Skip to main content

GHA participates in the TUBIDU meeting on intensified case finding

By 18 October 2013May 4th, 2021No Comments

On 10 and 11 Octubidu2tober 2013, Andrea Corazza, European Advocacy Officer of Global Health Advocates and member of the TB Europe Coalition, participated in the international network meeting and study tour on “intensified TB case finding” organised in Riga, Latvia, by TUBIDU (Empowering the Public Health System and Civil Society to Fight the Tuberculosis Epidemic among Vulnerable Groups). TUBIDU is a project co-funded by the Health Programme 2007-2013 of the European Commission that aims to fight the tuberculosis epidemic among vulnerable groups in selected countries in the European Union and Eastern neighbourhood[1].

The event was an opportunity to meet with TB stakeholders from all over the EU and exchange experiences and best practices on tuberculosis and intensified case finding in the respective countries. Intensified case finding is an activity, recommended by the World Health Organisation, intended to detect possible TB cases as early as possible among members of high risk groups, such as injecting drug users, prisoners, sex workers, the homeless, the Roma community and people living with HIV. It does not mean making a TB diagnosis, but it is the first step towards that.

TB incidence varies from country to country but in every country vulnerable groups are the ones bearing the greatest TB burden. Indeed, national health authorities still face challenges in accessing those groups. In Romania, for instance, the lack of early diagnosis and instruments to ensure compliance with the treatment, makes it very difficult for members of these groups to access and complete treatment, despite TB services being free of charge. To address similar problems in Bulgaria, NGOs, such as “Dose of Love” (also a member of the TBEC), have established partnerships with national TB structures and invited TB-trained nurses to participate in outreach activities.

Contrary to what some people continue to believe, TB is a public health threat that also affects higher income countries. According to Alistair Story of Find & Treat Service in the United Kingdom, TB incidence in London remains very much linked to income distribution, with some areas of the capital reaching more than 180 TB cases per 100.000 people, thus making London the city with the highest TB rates in Western Europe. By using a mobile digital x-ray unit, Find & Treat Service raises awareness among frontline professionals, such as social workers and nurses, and screens almost ten thousand high risk persons every year.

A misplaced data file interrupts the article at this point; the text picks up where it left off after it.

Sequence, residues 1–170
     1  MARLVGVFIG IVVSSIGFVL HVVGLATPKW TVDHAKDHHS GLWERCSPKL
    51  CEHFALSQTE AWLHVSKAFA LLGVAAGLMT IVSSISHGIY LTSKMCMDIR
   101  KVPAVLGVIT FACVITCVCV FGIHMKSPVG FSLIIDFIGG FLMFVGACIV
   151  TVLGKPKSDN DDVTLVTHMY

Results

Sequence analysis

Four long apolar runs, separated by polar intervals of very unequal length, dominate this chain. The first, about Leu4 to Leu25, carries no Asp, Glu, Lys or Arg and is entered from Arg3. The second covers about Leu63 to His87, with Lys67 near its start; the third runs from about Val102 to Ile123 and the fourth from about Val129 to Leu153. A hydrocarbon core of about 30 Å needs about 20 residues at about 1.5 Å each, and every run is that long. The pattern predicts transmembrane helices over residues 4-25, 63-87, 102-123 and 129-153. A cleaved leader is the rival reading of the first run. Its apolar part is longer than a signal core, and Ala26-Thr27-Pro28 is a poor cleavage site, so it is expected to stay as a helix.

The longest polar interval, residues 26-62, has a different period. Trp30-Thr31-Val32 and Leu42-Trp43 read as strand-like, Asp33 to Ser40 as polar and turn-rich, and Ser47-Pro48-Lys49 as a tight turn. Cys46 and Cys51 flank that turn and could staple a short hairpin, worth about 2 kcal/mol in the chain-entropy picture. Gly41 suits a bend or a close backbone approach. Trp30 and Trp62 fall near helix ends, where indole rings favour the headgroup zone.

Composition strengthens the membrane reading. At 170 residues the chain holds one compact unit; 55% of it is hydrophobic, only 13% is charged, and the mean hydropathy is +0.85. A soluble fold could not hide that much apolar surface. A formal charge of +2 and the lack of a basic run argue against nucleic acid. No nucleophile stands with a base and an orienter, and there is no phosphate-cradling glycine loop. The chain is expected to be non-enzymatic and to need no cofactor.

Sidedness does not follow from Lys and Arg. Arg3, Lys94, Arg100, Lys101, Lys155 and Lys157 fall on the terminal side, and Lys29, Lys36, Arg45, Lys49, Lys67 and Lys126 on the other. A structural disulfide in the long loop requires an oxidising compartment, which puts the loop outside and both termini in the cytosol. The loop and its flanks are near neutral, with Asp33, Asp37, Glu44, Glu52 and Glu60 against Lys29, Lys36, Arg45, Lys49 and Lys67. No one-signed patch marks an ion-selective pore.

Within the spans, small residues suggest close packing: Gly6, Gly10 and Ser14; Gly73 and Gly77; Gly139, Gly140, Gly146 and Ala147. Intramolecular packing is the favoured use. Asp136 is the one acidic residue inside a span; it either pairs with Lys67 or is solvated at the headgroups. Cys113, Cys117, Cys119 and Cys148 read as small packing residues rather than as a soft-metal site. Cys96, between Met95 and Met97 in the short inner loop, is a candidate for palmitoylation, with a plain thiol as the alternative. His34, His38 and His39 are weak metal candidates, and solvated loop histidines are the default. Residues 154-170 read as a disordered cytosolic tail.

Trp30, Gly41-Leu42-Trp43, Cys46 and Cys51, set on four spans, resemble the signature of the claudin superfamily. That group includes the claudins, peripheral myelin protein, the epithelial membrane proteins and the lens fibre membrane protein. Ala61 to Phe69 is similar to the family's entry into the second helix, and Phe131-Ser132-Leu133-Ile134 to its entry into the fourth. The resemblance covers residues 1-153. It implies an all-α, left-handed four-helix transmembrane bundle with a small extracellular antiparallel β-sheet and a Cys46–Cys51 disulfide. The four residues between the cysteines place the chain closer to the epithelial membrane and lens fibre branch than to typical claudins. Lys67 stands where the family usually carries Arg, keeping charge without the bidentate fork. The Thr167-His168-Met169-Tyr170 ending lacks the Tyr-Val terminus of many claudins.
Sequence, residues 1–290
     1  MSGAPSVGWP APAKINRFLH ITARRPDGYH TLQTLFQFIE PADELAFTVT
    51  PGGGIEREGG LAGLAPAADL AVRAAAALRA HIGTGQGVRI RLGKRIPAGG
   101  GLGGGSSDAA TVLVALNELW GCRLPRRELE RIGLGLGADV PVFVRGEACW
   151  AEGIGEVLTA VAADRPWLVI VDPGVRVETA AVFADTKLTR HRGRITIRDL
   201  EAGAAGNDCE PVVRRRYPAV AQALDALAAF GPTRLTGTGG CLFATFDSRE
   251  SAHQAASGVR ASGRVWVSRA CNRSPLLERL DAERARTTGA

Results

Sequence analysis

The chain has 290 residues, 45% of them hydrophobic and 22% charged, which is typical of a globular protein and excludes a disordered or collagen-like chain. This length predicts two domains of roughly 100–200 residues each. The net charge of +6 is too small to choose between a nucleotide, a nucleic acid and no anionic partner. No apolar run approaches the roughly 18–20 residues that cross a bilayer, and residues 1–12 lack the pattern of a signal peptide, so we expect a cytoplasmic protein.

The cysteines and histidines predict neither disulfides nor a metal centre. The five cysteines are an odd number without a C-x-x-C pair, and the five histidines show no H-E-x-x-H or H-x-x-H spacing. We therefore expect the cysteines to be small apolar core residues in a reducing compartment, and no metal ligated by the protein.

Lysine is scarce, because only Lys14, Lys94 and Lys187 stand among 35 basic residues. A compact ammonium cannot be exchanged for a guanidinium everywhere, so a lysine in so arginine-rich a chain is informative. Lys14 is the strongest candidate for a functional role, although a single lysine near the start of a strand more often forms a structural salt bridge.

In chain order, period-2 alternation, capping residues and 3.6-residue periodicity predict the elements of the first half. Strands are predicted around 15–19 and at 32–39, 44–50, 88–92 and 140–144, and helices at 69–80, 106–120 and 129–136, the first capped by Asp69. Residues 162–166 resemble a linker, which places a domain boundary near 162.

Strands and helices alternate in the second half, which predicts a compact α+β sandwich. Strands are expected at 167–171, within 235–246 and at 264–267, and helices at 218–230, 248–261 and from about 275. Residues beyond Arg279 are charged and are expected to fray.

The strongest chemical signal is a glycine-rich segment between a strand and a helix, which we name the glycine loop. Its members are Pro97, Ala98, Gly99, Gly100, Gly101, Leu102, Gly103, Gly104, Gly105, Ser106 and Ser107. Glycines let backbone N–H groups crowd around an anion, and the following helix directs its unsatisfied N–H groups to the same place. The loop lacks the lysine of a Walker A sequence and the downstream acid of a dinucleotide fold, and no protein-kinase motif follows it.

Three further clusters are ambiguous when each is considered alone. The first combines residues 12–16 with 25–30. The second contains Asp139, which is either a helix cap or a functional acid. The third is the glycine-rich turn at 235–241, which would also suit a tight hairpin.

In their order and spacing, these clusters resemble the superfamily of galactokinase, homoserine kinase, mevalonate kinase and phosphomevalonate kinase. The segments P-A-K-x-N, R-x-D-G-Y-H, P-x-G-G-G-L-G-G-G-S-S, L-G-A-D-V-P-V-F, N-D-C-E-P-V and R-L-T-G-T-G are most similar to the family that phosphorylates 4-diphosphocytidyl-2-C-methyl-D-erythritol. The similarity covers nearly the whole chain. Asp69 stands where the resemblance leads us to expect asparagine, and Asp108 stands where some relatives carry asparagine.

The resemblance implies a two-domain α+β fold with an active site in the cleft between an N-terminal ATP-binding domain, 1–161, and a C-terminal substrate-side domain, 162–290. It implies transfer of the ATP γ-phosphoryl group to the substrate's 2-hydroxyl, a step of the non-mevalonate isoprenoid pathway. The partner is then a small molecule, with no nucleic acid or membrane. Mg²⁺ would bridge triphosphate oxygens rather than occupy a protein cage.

A major challenge that emerged from the meeting links to the financial sustainability of TB projects reaching to vulnerable groups, currently mostly financed by international donors. Their sustainability only depends on national governments’ commitments to step in and continue activities. In some cases, like in the UK, national resources are available but grants are provided only for short periods, thus limiting the capacity to plan activities in advance.

Participants were also invited to study visits in the city of Riga. The NGO DIA+LOGS, which supports people living with HIV/AIDS in Latvia, and the Social Centre “Gaizins”, which offers social support for homeless people, are both carrying out much needed intensified case finding activities with vulnerable populations. These organisations raise awareness on TB and refer people with TB symptoms to specialist structures for proper diagnosis. However, the lack of incentives to access TB care, such as food packages and free transportation to health centres, continues to make access to TB services a challenge for members of these groups. The TUBIDU delegation also visited Riga’s centre of Psychiatry and Addiction disorders, where methadone substitution therapy is provided. Clients of this structure are informed about and tested for TB but they still do not access TB treatment in the same structures where they are provided with methadone substitution therapy.

Overall, the meeting has not only highlighted the European dimension of the TB problem among vulnerable groups, but has also confirmed the importance of the work of civil society organisations in reaching out to high risk populations and the need for enhanced cooperation with the national TB programme.


[1] TUBIDU brings together 12 partners from 11 countries (Estonia, Latvia, Lithuania, Finland, Romania, Bulgaria, Ukraine, Russia, Georgia, Albania and Bosnia and Herzegovina).